Monday May 05, 2003
Listen to someone talking. There is more going on that meets the ear. When you hear the words being spoken, it seems there are pauses between the words. These “pauses” or gaps allow us to identify each audible word in the same way that we read text: there are spaces between words in a sentence.
Despite what we think we hear, there are no specific pauses between words in everyday speech. The words we hear are an interconnected stream of words and phrases being hosed into our ears. So, how do we make sense of one another’s speech? The marvelous processing power of the brain interprets this stream into a coherent form that we can understand, and it seems to us that there are pauses between words.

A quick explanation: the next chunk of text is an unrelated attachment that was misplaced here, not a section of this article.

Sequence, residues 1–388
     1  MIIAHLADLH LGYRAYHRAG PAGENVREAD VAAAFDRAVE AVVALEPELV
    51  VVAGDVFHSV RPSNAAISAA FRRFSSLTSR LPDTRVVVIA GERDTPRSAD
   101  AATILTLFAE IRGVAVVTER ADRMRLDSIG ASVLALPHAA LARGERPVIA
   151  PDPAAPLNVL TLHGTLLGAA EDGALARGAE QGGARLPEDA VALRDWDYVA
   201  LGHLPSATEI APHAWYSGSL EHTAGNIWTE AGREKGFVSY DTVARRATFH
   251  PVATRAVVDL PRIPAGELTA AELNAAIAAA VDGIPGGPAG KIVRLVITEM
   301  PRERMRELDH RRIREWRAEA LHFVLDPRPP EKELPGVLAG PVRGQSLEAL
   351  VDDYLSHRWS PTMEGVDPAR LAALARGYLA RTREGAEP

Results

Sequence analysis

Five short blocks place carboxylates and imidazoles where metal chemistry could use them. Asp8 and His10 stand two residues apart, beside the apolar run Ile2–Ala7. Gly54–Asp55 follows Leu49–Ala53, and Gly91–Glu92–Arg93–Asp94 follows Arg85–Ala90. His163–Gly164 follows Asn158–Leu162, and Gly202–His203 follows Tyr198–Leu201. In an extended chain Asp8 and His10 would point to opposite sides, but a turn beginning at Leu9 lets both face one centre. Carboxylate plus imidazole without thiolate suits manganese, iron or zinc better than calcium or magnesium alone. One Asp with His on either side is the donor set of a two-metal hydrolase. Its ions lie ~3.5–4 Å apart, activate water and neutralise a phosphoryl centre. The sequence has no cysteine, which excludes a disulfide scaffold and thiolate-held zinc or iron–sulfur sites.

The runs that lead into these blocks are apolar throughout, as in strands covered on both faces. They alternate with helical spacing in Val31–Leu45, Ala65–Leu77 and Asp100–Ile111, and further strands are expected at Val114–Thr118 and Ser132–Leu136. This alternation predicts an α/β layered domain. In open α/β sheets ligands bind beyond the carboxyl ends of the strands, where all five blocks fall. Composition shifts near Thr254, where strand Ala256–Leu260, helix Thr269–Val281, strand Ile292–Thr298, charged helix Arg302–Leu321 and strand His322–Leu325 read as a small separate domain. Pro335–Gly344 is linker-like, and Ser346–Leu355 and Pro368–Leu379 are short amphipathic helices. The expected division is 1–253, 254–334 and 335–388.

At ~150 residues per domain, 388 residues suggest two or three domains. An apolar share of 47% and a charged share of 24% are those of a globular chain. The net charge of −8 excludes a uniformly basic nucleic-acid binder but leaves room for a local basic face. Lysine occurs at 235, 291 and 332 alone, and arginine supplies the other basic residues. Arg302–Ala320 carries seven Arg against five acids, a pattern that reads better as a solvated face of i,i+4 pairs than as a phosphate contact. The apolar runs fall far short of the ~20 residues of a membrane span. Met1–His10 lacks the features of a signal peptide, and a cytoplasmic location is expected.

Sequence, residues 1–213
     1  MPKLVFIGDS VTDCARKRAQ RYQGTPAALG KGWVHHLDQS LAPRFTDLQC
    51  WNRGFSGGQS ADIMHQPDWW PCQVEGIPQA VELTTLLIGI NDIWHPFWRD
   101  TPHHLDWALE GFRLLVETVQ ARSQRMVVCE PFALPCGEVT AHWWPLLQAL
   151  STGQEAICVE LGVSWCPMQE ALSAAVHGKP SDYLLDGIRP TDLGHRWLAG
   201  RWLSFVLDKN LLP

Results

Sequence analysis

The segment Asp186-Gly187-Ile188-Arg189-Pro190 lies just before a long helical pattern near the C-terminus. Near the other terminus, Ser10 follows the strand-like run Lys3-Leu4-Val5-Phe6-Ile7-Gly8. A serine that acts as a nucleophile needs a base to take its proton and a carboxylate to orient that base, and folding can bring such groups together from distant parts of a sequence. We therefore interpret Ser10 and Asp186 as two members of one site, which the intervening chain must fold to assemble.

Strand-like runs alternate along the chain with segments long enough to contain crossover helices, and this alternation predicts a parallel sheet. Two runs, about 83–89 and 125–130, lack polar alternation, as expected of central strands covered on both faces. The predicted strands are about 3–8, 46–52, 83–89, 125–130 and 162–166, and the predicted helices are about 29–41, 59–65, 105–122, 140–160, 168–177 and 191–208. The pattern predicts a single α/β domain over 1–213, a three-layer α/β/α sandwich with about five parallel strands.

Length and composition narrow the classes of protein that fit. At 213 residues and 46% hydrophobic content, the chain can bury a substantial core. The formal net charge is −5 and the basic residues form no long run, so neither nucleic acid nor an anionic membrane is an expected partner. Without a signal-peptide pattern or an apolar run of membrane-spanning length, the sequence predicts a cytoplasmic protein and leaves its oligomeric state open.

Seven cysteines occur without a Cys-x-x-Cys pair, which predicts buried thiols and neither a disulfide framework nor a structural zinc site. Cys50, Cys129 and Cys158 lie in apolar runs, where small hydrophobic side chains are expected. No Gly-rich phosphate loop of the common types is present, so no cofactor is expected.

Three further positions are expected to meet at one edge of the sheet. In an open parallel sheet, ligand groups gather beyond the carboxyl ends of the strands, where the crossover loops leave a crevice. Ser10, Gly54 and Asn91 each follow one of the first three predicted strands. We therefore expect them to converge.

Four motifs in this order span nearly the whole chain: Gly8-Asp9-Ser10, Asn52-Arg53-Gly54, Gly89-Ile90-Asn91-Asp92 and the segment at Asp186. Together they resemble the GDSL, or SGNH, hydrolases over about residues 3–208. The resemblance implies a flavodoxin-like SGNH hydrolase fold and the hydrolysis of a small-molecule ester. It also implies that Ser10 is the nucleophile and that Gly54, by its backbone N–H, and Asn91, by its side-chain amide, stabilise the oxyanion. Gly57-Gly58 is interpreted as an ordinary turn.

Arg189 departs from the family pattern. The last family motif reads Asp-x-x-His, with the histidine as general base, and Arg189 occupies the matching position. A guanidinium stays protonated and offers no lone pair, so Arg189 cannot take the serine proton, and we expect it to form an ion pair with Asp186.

Prove this phenomenon to your self. If you listen to computer-generated speech, you can hear the mechanical pauses as the machine attempts to segregate one word from another. And that’s why computer-speech sounds artificial.
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